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New York State Takes Steps to Tackle Heroin

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New York Governor Andrew Cuomo announced Wednesday the state will add 100 State Police investigators to drug units in order to fight the growing heroin problem. “In the ’70s we had a heroin epidemic. This is worse than what we went through before,” he said.

The investigators will work with local police agencies, The New York Times reports. Cuomo said he will use state money to put the opioid overdose antidote naloxone in the vehicles of emergency medical workers, including firefighters and state troopers.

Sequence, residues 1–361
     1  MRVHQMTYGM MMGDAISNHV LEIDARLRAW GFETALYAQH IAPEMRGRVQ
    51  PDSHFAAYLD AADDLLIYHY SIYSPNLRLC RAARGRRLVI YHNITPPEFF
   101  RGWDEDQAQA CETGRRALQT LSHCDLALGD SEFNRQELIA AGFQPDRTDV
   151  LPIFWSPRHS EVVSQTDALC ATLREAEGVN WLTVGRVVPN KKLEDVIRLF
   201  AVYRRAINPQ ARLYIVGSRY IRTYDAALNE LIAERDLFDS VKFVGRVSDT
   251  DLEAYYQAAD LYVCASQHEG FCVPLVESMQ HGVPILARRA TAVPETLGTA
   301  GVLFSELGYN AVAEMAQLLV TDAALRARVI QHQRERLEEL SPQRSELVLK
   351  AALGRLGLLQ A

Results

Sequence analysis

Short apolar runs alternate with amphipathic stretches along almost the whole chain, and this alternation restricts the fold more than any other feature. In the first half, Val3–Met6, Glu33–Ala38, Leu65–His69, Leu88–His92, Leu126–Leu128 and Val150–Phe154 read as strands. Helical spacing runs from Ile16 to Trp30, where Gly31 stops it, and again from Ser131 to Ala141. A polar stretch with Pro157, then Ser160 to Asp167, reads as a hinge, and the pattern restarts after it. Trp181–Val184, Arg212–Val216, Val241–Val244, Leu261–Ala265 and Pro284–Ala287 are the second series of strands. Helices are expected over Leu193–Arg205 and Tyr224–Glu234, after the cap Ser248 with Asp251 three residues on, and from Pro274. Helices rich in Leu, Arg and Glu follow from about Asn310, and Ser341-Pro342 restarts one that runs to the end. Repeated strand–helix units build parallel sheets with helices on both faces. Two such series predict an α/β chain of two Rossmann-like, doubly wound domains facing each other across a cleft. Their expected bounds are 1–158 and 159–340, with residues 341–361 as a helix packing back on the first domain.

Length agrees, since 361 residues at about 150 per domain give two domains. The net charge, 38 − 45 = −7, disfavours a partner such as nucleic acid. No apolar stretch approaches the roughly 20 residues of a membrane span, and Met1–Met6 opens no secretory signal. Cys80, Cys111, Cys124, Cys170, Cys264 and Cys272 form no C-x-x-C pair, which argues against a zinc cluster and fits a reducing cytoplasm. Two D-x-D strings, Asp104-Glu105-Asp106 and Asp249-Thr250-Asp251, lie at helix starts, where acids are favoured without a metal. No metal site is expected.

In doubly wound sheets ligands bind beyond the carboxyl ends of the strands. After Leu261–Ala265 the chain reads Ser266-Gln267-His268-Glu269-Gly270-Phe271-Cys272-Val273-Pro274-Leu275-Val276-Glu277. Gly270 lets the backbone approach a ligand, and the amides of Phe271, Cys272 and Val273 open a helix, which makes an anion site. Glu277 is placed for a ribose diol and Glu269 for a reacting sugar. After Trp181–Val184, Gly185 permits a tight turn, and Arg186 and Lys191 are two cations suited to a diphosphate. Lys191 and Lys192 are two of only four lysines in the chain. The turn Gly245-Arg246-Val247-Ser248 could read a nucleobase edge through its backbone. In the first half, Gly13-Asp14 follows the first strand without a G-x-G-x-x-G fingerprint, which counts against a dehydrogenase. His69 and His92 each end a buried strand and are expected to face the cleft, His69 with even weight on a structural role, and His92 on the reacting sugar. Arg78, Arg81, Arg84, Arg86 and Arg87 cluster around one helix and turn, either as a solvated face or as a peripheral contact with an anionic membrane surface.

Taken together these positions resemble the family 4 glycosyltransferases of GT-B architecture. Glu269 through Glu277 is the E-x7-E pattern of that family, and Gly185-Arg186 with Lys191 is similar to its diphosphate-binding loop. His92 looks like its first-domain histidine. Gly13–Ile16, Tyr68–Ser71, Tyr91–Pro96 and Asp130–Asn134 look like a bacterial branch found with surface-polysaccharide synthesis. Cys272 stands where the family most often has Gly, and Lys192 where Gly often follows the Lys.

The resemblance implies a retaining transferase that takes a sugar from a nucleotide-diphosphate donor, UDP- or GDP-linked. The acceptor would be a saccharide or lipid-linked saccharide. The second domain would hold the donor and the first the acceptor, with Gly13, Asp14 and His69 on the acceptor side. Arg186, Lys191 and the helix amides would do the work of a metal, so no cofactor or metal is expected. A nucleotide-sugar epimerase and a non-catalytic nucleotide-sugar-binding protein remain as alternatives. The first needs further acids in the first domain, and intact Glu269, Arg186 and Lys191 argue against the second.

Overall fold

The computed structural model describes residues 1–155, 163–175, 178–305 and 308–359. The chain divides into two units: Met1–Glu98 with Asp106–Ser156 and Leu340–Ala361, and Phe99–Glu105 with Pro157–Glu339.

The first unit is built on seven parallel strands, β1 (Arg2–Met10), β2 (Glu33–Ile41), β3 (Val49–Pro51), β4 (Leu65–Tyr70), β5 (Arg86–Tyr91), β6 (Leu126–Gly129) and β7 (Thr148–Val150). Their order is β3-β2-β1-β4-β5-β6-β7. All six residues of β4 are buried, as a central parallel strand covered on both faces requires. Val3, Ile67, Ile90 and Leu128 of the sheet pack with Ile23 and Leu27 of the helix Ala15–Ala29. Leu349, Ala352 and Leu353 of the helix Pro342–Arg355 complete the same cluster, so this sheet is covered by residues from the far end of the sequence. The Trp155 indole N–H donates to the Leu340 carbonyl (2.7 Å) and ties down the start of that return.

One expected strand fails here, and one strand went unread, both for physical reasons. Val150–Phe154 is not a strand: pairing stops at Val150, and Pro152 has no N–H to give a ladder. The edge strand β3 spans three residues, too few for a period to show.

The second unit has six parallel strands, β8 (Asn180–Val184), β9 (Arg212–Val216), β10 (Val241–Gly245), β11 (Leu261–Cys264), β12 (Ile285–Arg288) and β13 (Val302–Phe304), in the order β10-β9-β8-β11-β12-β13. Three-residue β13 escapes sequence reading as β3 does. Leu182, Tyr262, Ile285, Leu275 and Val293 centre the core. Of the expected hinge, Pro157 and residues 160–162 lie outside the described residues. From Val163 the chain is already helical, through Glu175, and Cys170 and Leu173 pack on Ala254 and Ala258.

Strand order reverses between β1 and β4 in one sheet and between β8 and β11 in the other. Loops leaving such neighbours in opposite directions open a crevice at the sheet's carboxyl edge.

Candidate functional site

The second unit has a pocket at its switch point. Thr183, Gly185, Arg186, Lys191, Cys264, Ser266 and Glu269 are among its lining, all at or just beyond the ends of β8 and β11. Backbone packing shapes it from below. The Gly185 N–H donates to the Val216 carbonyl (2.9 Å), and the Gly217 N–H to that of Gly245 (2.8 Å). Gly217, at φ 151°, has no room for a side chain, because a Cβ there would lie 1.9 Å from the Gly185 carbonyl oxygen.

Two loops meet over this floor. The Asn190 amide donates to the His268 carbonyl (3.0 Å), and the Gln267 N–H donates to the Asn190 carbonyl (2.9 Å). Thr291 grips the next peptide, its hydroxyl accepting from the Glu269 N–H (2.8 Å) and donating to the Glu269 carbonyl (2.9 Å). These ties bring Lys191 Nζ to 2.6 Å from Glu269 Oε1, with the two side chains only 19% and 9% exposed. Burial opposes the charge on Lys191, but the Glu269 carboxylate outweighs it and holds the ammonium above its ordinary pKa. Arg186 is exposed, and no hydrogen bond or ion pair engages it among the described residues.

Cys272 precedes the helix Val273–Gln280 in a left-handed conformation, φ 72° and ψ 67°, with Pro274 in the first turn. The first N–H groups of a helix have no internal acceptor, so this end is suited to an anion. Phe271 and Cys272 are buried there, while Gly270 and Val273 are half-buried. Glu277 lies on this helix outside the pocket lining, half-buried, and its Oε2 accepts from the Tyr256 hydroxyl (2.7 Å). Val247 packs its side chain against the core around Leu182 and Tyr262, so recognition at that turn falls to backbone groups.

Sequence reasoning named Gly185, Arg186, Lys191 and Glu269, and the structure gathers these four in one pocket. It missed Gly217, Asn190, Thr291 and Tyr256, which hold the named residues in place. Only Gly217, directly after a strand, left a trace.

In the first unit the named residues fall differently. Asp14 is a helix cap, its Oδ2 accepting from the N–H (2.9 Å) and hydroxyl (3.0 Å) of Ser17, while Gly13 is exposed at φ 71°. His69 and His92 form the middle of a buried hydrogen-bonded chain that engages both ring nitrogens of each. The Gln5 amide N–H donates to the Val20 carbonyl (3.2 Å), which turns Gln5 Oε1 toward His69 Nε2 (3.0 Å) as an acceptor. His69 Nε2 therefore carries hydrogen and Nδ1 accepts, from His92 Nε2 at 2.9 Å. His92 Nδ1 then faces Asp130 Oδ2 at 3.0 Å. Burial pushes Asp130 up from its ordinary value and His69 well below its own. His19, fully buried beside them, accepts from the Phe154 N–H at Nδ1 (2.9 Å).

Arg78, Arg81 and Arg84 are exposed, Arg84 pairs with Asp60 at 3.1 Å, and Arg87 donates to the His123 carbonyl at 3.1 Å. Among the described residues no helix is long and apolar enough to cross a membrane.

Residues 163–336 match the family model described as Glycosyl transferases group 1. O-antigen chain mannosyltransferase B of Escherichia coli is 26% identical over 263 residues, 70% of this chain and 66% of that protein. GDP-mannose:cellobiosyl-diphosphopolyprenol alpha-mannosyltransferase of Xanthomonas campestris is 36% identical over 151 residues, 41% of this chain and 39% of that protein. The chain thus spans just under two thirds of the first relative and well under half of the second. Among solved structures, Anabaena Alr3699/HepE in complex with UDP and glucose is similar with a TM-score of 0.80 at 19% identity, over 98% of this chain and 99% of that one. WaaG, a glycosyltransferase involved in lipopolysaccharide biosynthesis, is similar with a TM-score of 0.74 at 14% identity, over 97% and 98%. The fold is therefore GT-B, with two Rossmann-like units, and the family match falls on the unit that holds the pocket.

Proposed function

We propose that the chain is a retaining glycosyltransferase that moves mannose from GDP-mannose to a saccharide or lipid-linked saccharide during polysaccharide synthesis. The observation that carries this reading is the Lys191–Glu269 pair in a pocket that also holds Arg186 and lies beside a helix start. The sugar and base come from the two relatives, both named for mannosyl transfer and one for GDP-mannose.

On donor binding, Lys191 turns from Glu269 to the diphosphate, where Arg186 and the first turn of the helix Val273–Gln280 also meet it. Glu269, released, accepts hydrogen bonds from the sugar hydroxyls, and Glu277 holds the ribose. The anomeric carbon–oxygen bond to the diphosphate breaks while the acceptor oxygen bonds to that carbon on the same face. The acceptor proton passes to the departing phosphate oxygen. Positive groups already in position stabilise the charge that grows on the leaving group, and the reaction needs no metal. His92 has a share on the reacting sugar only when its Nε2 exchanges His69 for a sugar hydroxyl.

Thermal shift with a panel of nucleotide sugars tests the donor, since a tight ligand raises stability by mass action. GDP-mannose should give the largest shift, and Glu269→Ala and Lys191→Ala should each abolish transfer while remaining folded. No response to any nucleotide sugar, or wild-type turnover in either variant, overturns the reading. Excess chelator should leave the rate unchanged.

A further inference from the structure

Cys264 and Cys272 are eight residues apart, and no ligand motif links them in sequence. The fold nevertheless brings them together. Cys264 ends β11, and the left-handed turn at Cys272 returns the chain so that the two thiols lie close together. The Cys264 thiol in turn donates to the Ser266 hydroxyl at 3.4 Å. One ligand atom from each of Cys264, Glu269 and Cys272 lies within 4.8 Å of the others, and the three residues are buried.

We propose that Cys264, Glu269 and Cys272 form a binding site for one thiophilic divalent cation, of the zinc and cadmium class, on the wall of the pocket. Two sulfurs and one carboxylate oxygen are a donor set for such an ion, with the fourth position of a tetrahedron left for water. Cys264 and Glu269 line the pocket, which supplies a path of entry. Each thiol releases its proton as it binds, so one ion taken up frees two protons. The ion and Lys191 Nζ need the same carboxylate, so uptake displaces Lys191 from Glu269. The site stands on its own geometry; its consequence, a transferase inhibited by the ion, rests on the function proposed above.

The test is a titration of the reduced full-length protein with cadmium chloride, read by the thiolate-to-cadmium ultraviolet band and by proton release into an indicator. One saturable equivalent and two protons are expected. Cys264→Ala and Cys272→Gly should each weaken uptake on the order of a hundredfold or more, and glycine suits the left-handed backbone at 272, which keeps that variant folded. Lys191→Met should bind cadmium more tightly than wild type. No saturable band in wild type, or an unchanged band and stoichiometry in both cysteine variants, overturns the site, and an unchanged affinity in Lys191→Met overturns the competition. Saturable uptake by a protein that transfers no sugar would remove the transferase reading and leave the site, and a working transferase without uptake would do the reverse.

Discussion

About one-third of the Drug Enforcement Administration’s heroin seizures nationwide are in the New York area, Cuomo said.

This week the State Senate passed a package of bills designed to fight heroin abuse. The Assembly is expected to pass many of the measures, the article notes. They include increasing access to treatment, and public education campaigns to end the stigma of addiction. Heroin and opioid pill abuse awareness will be part of orientation for incoming students at every state campus, Cuomo said. University police will be trained in how to use naloxone.

“When it gets into our suburbs, into our rural areas, into our high schools, into our colleges, it is so much more obvious because it wasn’t there before,” said Joseph D’Amico, the Superintendent of the State Police. “But it’s not just a suburban problem. It’s everywhere.”

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